The USDA and the DHHS have issued new dietary guidelines for Americans. And, for the first time, they include guidelines for babies and toddlers.
These new guidelines are more than just suggestions for healthy eating by our government. The health care industry and law makers will use the guidelines in their work. At the federal and state level the guidelines will dictate much of what Americans of all ages will eat over the next five years and will be the basis of federal nutrition programs.
The guidelines state that their goals included “customizing and enjoy nutrient-dense food and beverage choices to reflect personal preferences, cultural traditions, and budgetary considerations” and “meeting food group needs with nutrient-dense foods and beverages and stay within calorie limits.”
Many have noted that the guidelines glaringly lack any quantitative recommendations on alcohol or sugar intake.
Another highlight included suggestions on added sugar in babies’ and toddlers’ diets. While the amount of added sugar remained at 10% of daily calories the guidelines did suggest that for children under 2 years old, they consume no added sugars what so ever.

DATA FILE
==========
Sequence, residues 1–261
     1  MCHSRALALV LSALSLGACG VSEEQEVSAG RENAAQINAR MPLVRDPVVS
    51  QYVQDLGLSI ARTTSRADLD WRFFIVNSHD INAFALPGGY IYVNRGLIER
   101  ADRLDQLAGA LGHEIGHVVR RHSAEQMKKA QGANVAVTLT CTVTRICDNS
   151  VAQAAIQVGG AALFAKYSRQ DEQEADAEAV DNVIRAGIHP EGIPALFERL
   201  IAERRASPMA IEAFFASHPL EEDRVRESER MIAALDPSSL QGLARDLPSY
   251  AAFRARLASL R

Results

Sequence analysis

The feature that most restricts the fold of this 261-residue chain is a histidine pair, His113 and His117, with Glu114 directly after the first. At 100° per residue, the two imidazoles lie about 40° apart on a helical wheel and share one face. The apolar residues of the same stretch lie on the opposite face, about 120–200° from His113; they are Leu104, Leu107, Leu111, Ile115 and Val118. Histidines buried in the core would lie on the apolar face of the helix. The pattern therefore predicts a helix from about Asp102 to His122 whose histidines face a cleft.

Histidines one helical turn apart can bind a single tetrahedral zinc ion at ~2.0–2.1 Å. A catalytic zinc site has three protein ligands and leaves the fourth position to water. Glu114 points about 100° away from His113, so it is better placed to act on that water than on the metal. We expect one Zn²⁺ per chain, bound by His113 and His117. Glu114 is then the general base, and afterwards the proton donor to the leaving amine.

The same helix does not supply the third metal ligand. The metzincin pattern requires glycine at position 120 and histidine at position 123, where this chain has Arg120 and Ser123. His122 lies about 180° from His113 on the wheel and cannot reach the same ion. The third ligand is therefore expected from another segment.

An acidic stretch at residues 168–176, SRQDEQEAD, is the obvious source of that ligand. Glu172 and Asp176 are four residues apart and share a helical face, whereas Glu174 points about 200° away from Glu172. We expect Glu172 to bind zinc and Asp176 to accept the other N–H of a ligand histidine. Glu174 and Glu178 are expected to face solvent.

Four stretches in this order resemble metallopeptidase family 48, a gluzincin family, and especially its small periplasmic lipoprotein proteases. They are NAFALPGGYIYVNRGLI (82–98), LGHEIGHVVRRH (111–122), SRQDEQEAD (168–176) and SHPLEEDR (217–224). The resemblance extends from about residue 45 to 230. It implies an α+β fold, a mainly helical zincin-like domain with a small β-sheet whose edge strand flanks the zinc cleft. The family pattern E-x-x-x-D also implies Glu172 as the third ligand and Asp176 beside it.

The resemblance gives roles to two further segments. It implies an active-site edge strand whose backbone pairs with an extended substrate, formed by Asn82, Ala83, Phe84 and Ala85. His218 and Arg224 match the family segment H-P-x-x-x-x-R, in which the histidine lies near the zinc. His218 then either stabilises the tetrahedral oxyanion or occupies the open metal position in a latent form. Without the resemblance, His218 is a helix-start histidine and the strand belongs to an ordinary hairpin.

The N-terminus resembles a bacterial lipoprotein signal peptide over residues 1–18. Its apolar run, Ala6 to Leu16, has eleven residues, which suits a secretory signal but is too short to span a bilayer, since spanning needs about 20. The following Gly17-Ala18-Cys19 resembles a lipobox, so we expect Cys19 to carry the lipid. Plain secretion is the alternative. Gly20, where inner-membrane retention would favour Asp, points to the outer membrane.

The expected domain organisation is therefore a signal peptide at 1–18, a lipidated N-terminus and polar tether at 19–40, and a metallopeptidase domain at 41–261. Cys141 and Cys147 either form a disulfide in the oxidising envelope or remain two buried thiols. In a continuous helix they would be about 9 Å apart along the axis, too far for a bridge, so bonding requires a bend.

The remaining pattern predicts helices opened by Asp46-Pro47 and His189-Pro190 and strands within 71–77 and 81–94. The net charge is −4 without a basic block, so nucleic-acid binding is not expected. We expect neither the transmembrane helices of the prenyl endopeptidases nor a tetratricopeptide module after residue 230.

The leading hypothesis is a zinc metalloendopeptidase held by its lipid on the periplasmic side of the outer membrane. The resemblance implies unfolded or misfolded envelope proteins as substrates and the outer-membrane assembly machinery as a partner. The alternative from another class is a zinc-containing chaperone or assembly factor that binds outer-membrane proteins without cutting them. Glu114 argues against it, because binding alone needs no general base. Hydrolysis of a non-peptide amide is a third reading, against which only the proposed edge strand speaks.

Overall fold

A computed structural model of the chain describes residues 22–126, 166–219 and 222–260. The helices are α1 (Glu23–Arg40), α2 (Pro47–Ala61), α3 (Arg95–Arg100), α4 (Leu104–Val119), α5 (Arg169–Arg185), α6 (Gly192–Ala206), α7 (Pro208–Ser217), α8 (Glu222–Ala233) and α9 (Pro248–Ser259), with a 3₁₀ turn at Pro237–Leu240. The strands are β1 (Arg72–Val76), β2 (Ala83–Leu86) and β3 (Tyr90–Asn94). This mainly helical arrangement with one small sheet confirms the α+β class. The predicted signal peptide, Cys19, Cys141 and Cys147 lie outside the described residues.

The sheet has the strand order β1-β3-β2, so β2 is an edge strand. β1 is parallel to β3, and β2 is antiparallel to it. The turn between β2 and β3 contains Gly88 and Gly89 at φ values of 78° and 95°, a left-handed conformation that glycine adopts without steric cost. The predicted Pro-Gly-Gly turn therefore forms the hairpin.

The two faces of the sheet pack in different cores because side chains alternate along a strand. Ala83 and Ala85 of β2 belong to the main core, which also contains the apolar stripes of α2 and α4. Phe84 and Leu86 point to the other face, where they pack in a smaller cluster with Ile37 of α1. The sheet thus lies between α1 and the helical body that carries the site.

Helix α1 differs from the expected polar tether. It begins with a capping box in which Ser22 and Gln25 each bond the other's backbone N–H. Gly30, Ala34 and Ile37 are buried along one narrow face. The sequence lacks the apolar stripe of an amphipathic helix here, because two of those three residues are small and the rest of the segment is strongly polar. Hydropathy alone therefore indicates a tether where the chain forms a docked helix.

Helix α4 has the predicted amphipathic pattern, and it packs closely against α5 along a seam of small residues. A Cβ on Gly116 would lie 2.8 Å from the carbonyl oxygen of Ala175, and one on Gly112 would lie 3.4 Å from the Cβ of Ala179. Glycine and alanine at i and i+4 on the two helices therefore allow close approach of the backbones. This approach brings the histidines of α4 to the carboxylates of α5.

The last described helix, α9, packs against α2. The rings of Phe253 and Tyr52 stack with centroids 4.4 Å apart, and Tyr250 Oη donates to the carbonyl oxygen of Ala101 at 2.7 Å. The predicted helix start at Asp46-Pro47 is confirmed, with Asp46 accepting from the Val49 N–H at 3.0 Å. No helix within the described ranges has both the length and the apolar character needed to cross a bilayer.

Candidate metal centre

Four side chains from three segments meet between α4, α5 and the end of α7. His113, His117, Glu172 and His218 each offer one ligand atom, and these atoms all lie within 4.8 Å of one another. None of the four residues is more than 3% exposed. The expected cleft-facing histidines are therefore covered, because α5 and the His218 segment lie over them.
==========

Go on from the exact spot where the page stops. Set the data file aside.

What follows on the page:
For many years the conventional wisdom on dietary fats was that they were all unhealthy. They were considered responsible for all kinds of diseases from cardiovascular disease to diabetes. Now after years of research that conventional wisdom has been modified. I asked Jody Victor® to tell us more.
Jody Victor®: Research has shown that not all fats are created equal. There are good fats, bad fats, not-so-bad fats and very bad fats. Here’s what I found out.
The undisputed fact is that we all need fats. Fats help nutrient absorption, nerve transmission, and cell membrane integrity. Your body needs fat in order to properly absorb and use vitamins A, D, E, K, and beta-carotene. Fat maintains and connects your nervous system, your brain’s communication center, with the rest of your body. Your brain itself is 60 percent fat. Every cell in your body needs fat: nerve cells, eye cells, brain cells, and even heart cells. Fat boosts your immune system and acts as a shield to ward off harmful germs and microbes.
Your body can manufacture most of the fats it needs, including cholesterol, saturated fatty acids, and unsaturated fatty acids. But there are two fatty acids that can not be manufactured in your body and must be o